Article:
The voice coming through the cell phone John Irving held to his ear sounded different from the reading voice Jonathon Franzen used at his events.
“You gotta help me, man. She picked Freedom.”
“Always a good choice. Who is this?” Irving asked.
“Well, um, it’s uh, Franzen. Jonathan.”
Irving nodded his head. He knew all about this. When you’re at the top of the hill, everyone takes a shot.
“Is this Jonathan ‘the Great American Novelist’ Franzen?”
He knew who it was and knew what he wanted. He wanted to get into the octagon.
“Let me tell you straight out, it won’t happen.”
“What won’t happen?”
“A Great American Novelist never asks what will or won’t happen; they already know.”
“Then you heard?”
“I hear it in my sleep, pal. Everyone wants a piece of Johnny Irving the wrestler after I whipped up on a few has-beens and other Great American Novelists. Now you want your chance. No surprise there. Do you know how to fight? Did you at least wrestle in high school?”
Jonathan Franzen paused the sort of pause he takes when asked a five-part three hundred word question at a reading that takes the audience member ten minutes to ask.
Jonathan Franzen listens.
“You think I want to fight you? In the octagon?”
“That’s where it goes down. What’s your background?”
“I’m a writer, you loon, not some UFC reject. I can handle myself, but no, I don’t want to fight you.”
“It’s okay, Jonathan. You’re talking to another Great American Novelist. There’s not that many of us.” Irving said. “I even have a book out. Maybe you’ve heard of it, Last Night In Twisted River? We’ve both made the cover of Time, just like Bruce.”
“He made Newsweek and Time in the same week. Let’s not get carried away.”
John Irving did what he always did when someone else mentions Bruce Springsteen. “B R U U U E S S S S S.”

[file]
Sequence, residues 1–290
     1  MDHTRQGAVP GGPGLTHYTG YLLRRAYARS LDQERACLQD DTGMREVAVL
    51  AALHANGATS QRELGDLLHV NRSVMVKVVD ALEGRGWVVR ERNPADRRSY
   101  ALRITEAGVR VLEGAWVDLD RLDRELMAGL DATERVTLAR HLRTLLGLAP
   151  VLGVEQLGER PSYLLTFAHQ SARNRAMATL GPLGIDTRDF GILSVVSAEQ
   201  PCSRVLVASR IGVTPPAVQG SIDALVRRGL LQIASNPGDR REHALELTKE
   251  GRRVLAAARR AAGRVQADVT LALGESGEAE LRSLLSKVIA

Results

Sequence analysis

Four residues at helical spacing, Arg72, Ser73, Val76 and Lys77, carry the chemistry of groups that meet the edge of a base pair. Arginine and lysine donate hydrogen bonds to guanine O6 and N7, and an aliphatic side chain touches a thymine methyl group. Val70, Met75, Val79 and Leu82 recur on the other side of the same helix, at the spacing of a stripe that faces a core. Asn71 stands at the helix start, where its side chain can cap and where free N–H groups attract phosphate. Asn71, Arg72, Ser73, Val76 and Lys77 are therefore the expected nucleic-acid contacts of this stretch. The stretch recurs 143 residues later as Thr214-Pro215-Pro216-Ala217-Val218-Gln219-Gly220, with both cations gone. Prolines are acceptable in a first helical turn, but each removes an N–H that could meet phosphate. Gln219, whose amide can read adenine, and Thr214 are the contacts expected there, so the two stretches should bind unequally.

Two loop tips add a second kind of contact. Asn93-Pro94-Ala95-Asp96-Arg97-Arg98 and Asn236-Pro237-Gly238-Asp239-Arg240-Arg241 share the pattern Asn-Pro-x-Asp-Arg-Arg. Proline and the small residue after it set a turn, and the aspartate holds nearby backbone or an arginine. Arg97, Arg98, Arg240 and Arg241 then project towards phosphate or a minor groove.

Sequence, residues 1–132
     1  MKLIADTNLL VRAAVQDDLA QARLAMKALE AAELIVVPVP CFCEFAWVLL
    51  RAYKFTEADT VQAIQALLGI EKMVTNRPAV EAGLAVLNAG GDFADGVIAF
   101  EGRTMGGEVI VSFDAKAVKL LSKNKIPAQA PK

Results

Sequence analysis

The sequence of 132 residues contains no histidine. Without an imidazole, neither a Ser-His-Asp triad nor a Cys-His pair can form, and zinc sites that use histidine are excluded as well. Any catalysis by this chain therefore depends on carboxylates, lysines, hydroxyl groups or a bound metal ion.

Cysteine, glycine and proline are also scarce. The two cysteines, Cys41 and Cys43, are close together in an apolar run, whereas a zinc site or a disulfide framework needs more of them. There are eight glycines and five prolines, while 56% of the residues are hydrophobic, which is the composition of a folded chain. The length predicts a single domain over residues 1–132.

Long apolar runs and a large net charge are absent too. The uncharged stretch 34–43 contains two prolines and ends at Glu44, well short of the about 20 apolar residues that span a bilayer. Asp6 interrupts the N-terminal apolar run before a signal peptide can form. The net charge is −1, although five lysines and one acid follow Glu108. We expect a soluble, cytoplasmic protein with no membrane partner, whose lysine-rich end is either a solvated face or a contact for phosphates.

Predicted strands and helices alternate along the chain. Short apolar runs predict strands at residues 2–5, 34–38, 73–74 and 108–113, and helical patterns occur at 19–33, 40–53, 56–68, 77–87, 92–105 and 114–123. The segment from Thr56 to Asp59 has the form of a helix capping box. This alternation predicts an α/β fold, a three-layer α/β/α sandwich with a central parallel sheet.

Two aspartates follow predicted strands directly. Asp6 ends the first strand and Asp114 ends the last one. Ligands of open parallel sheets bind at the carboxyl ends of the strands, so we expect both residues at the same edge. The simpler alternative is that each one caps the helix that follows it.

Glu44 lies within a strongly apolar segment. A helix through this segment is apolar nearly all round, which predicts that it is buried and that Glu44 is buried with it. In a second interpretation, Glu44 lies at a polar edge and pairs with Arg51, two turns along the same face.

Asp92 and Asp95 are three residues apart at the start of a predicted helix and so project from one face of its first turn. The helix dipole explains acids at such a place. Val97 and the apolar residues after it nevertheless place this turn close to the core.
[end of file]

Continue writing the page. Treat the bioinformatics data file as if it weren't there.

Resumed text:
“Okay, put down the bic lighter, John. I need help. Oprah picked Freedom for the Oprah Book Club. She wants me on the show.”
“No problem so far.”
“I got un-invited last time.”
“Rightfully so, and your sales jumped. Will you do that again? Snub Oprah twice?”
“I didn’t snub her. I was trying to say complicated things before I went on; I thought Oprah’s endorsement might keep my male readers away. I should have been saying simple things.”
“Yes, that would have worked. That’s what I said this time. But I sensed something else. Remember A Million Little Pieces by James Frey? She had him on for the book, than again when she found out he’d fooled her and her researchers.”
“I do remember. She wanted to kick his ass,” Irving said.
“I think she wants to kick mine.”
“She probably could.”
“That’s why I’m calling. I need a coach. You took on Hemingway and won.”
“Another Great American Novelist. Very formidable. He wouldn’t fight Oprah.”
“Neither will I, but what if I have to?”
Irving ran his hand through his hair.
“Like she might push an octagon up against your dressing room door and the only way out of your room is through it, with Oprah waiting in the middle? Then you’d have to?”
“Something like that, yeah. What do I do?”
Irving opened the door to his wrestling room.
“Are you anywhere near a high school? If you are, go find a wrestling coach and pay him to show you how to move on the mat. Your best chance is controlling the tempo of the match…”
“There won’t be a match.”
“…until you see her drop her hands, then you close. Make her tired and hope you don’t get as tired doing it.”
“Do you understand? No match.”
“It’ll be great. Listen, maybe I could be the referee?”
“You wouldn’t let it go too far?”
“And risk you losing out on the rest of your book tour, especially after Oprah’s blessing? Would I do that to a fellow Great American Novelist? Come on. Listen, I”ll call you back. ”
“What do I say to the high school wrestling coach?”
“Ask him about ground and pound.”
“Ground and pound? Got it.”
“You’ll get it.”
“You know that move Oprah does with both hands out front like she’s chopping wood, or praying? You don’t want that coming down on your neck.”
“I’ll call you back.”